A company’s borrowings are often backed by securities, on the strength of which loans are given by the banks and financial institutions. The security is given for securing loans or debentures by way of mortgage on the assets of the company when the Charge is created. The Companies Act, 2013 covers the provisions relating to registration, modification, the satisfaction of Charges, consequences of failure in registration inclusive of delay in registration.
The main purpose of registration of a Charge is to give notice to the Registrar of Companies (“RoC“) and to people who intend to advance money to the company about the encumbrance created on the assets of the company. The prospective lender may inspect the index of Charges and forms on the Ministry of Corporate Affairs portal.
The central govt. under section 87 of the 2013 Act can extend the time for the registration of charges if the company failed to register in the prescribed time limit with the Registrar. Proviso to section 87(1) states that the govt. may extend the time limit if the default was accidental or due to inadvertence or some other sufficient cause or it is not of nature to prejudice the position of creditors or shareholders and 87(2) allows to extend on just & equitable ground.
The company first of all the file the application of condonation of delay with the central govt. on the sufficient cause being shown by it under the given facts & circumstances of the case. The delay can be satisfactorily be condoned by the company to the government. However, such application might be granted by taking into account the interest of the chare-holder and of the creditors, if such delay is prejudicial to them then it cannot grant the extension.
Thereafter, in the above situation after the refusal by the central govt. the company may apply to the tribunal to ratify the default made by it if the tribunal is satisfied with the sufficient cause being shown by the company and it will be rejected only if there was an unexplained delay or when the company goes into the liquidation. In Radha Kishen Moti Lal v. Ram Narain, an extension was allowed but the due safeguards to the rights acquired by the persons prior to actual registration were taken into the consideration before allowing for the extension of time.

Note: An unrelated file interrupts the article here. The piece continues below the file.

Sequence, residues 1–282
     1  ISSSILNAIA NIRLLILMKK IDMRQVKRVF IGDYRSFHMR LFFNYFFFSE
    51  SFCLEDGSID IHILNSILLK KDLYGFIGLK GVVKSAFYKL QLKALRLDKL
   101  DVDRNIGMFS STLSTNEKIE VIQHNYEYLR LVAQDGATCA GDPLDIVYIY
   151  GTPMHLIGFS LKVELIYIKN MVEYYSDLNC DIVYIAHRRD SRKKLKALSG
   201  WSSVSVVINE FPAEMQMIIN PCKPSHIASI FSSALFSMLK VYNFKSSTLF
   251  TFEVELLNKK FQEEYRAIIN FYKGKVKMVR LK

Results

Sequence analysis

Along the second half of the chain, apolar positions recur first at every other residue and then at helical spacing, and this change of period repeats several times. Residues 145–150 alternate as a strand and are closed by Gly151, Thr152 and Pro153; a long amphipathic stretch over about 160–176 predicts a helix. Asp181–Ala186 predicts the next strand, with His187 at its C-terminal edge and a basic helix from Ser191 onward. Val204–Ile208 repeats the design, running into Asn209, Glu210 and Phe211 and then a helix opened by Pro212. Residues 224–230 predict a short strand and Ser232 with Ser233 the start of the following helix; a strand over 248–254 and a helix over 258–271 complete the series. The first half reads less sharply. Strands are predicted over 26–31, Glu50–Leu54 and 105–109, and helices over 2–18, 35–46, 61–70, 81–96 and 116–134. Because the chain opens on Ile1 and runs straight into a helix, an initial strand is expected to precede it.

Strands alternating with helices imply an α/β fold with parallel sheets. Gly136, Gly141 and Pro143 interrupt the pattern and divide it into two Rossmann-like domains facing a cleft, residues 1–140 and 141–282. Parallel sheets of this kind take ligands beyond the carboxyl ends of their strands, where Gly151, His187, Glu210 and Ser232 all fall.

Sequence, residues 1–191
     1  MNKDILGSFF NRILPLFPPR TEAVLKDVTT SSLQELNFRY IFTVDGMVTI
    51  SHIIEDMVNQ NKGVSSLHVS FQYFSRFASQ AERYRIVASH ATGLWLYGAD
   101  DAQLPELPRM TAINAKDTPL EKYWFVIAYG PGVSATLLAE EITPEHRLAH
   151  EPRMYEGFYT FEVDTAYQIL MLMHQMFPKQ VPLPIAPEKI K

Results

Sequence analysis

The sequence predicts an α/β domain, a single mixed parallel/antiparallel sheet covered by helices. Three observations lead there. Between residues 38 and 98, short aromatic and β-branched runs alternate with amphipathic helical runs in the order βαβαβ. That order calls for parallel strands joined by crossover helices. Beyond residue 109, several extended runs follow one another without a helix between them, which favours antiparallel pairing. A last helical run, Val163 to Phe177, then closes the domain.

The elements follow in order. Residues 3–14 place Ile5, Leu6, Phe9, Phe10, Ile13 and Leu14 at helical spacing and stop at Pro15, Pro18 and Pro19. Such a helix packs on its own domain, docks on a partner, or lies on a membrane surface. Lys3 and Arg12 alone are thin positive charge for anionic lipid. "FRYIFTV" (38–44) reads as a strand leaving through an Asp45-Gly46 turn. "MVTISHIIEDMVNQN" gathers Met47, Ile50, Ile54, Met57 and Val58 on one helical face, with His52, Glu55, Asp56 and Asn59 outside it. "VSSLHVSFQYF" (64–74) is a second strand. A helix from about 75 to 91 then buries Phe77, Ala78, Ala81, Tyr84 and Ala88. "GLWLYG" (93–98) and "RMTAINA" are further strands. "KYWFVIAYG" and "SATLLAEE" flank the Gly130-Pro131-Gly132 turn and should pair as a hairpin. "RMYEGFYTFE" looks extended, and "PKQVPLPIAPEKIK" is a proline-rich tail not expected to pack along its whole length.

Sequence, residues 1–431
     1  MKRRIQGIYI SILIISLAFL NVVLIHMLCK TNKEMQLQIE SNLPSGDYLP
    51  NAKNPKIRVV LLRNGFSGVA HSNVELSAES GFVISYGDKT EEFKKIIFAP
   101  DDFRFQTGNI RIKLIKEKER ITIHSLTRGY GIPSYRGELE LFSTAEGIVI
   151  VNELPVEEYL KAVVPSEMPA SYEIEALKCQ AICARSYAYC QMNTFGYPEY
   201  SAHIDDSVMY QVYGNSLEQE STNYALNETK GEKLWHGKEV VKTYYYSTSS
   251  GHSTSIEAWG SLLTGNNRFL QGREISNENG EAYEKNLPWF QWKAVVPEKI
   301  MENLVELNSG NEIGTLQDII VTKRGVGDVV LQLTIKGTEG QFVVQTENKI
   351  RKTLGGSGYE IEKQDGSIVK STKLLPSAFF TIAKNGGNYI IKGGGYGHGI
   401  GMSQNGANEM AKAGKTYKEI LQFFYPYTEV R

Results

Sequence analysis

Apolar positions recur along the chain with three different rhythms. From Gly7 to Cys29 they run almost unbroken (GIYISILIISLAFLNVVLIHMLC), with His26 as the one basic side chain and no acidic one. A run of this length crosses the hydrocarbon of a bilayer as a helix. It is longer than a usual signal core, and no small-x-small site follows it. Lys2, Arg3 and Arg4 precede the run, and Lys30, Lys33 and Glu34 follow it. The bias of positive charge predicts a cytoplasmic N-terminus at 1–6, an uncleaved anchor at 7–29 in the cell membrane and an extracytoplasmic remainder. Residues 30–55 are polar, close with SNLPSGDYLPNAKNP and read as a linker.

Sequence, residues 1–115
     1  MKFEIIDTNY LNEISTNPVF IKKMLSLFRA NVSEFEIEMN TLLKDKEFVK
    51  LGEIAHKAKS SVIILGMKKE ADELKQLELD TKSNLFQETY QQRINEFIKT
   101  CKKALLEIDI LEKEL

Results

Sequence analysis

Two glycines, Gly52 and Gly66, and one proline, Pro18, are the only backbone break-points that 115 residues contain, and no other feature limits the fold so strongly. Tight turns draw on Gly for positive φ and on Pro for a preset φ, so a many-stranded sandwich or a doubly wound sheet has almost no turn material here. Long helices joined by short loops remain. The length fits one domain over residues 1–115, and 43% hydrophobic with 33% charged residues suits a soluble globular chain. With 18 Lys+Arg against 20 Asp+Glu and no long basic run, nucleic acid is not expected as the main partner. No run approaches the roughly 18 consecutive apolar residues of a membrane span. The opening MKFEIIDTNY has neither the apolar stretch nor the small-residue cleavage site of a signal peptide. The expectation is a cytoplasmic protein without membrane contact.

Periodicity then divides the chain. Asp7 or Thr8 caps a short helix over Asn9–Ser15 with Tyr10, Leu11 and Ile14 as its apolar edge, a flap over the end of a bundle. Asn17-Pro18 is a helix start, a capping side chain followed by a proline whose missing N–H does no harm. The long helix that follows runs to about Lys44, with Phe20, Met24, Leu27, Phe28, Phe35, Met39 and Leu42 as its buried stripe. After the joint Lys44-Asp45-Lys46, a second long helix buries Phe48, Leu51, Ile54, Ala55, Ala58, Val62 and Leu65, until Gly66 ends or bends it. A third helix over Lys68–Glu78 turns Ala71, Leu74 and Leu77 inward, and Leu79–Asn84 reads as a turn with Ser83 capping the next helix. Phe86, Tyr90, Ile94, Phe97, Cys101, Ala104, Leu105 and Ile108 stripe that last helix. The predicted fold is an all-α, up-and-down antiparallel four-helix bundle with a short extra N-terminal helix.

The extension of time is based on the discretion of the tribunal and such discretion is to be exercised judicially and not to the prejudiced to the interest of the shareholders or creditors of the company. The rule does not apply when the company itself is at the fault. It is the duty of every company creating a charge under section 77 to register it with the registrar of the company within 30 days of the creation of the charge.
A charge created on property or assets whether tangible or intangible and situated inside or outside of India has to be registered with the Registrar. The instrument is to be signed by both the company and charge and has to be registered with 30 days of its creation with required fees. Without the certificate of registration, the charge will not be taken into consideration at the time winding up by the liquidator or the creditors. Thereafter the register of charge has to be kept by both the Registrar and the Company.